|| ||Kay Sievers <kay.sievers-AT-vrfy.org> |
|| ||Paul Fox <pgf-AT-laptop.org> |
|| ||Re: keymap rule selection for non-DMI platforms |
|| ||Tue, 16 Aug 2011 21:34:41 +0200|
|| ||linux-hotplug-AT-vger.kernel.org, Daniel Drake <dsd-AT-laptop.org>|
|| ||Article, Thread
On Tue, Aug 16, 2011 at 20:54, Paul Fox <email@example.com> wrote:
> since my initial query was met with such enthusiastic silence :-),
Yeah, I guess we all mostly focus on x86 and similar.
> i've decided to try another approach. attached is a (very tentative)
> patch that supports our non-DMI laptop using a familiy-identifying
> attribute found in /proc/device-tree.
> essentially it adds a utility (currently in shell, but which will
> trivially turn into C) that facilitates forming environment keys from
> device-tree nodes. this is then used in 95-keymap.rules to detect an
> XO laptop and apply the right keymap. the device-tree has always been
> under /proc on linux -- it would probably make more sense under /sys,
> but i'm not sure about the effort needed for, or the ramifications of,
> such a move.
Reading such things from /proc is kinda taboo from code we maintain in
udev. All things not related to processes really do not belong into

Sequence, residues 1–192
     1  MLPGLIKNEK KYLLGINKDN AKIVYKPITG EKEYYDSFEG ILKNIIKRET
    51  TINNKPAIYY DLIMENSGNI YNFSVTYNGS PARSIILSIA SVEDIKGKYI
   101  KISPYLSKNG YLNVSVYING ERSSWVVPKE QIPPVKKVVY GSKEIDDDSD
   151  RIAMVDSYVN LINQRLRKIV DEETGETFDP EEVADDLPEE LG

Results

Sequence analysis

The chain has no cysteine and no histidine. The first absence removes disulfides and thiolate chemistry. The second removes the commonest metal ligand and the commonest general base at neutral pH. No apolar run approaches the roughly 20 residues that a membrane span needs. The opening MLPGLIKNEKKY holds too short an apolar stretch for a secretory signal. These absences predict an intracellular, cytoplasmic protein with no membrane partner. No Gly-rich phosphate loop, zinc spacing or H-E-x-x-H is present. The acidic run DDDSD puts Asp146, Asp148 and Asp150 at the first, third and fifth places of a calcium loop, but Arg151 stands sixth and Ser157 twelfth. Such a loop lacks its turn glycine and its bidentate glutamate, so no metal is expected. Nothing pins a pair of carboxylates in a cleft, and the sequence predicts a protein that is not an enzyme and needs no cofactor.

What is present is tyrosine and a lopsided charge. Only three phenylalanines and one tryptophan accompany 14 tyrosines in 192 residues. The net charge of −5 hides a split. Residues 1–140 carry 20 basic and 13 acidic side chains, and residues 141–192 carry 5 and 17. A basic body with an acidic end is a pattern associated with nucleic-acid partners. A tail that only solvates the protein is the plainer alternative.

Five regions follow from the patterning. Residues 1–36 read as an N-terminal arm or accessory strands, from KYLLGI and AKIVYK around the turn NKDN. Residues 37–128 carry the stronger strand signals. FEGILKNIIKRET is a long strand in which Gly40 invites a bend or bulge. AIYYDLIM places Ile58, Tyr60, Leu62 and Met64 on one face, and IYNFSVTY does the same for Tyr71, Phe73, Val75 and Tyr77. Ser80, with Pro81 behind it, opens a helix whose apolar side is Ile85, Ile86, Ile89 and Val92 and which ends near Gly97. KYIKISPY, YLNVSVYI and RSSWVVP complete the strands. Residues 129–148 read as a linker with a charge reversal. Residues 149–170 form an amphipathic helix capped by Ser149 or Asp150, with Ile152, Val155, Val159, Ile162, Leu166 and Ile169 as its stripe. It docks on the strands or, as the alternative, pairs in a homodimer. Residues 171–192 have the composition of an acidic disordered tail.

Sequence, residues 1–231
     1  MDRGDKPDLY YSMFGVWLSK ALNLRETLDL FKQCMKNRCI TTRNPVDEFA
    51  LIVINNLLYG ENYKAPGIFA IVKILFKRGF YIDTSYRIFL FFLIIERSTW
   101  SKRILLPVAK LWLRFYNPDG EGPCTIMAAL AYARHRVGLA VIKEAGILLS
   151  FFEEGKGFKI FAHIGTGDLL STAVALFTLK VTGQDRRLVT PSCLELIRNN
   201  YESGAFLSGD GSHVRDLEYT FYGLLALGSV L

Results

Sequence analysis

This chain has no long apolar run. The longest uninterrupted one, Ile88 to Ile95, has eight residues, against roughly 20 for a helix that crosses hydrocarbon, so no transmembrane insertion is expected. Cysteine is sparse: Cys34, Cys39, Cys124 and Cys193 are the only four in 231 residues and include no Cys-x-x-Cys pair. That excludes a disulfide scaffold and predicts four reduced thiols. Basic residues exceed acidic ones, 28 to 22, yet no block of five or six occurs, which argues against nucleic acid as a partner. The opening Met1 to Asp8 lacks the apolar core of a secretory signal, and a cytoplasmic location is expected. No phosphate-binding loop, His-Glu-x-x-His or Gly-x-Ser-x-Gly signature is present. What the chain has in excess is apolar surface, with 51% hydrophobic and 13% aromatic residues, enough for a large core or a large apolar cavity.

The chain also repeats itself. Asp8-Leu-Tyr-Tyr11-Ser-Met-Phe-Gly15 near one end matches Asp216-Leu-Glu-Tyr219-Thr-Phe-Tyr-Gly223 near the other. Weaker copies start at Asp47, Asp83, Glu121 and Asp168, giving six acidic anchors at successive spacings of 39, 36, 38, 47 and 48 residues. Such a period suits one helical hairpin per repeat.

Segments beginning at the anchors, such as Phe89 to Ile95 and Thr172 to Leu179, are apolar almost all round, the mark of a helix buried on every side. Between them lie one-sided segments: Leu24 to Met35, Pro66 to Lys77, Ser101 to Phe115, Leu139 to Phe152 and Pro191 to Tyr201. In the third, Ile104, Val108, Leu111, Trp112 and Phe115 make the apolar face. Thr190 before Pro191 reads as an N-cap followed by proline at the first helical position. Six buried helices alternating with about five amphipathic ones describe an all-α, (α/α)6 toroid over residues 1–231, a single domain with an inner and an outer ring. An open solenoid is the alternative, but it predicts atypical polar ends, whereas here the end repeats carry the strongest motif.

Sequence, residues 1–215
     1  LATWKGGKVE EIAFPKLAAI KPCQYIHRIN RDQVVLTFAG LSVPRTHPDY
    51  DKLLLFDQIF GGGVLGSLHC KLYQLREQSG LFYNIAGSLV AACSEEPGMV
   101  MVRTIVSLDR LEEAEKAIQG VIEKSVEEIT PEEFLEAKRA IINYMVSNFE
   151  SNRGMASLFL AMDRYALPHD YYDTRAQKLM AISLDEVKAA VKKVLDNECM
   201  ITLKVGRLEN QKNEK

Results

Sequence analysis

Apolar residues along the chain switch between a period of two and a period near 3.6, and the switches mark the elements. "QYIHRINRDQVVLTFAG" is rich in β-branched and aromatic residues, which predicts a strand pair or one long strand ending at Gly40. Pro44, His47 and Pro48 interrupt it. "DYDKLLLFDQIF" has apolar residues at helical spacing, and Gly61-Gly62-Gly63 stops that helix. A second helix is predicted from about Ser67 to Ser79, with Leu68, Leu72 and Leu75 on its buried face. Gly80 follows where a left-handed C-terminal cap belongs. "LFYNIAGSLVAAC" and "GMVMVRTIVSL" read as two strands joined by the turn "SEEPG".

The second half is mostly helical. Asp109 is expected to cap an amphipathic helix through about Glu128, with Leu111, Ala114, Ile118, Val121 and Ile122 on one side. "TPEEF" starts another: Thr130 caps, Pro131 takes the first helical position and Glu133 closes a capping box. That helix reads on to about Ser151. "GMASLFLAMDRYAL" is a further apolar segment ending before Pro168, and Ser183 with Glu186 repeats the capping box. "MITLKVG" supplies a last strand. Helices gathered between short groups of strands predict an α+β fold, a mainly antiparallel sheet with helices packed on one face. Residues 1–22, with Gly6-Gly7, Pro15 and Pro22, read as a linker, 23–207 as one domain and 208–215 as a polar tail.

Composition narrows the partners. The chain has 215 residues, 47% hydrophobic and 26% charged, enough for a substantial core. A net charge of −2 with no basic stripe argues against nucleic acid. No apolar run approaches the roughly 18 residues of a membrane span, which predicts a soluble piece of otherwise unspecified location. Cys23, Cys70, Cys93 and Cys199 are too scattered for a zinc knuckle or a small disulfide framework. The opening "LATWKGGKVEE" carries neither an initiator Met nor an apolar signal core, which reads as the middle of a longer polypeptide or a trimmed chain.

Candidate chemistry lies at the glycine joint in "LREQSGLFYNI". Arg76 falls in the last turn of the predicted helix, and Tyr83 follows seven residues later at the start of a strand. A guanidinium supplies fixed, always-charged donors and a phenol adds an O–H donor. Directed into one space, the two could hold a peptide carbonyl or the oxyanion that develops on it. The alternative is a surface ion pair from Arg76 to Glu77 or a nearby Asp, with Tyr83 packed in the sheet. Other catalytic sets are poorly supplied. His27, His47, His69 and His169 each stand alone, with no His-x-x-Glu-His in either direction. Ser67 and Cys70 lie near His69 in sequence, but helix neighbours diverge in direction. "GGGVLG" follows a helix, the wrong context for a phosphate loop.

/proc and udev code should never get into the way of possibly
deprecating these things in the long run, even when they might never
happen. I know, there is sometimes no other simple option, but we
generally prefer the inconvenience it causes, over adding hacks to
upstream code, to make a move to a generally useful solution (which
isn't /proc/*) more attractive.
I guess one sensible option is to register the /sys/class/dmi
interface to ARM too, even when it's not called that way for ARM
hardware. 'Desktop Management Interface' makes not much sense anyway,
not even for x86, but hey it's only 3 characters, whatever they mean.
The alternative is to replace /sys/class/dmi with some completely arch
and platform independent interface and export there what dmi currently
supports and plug-in the other platforms.
I'm very convinced that userspace should not even try to work around
platforms that miss proper interfaces which can be used to easily
match against system properties.
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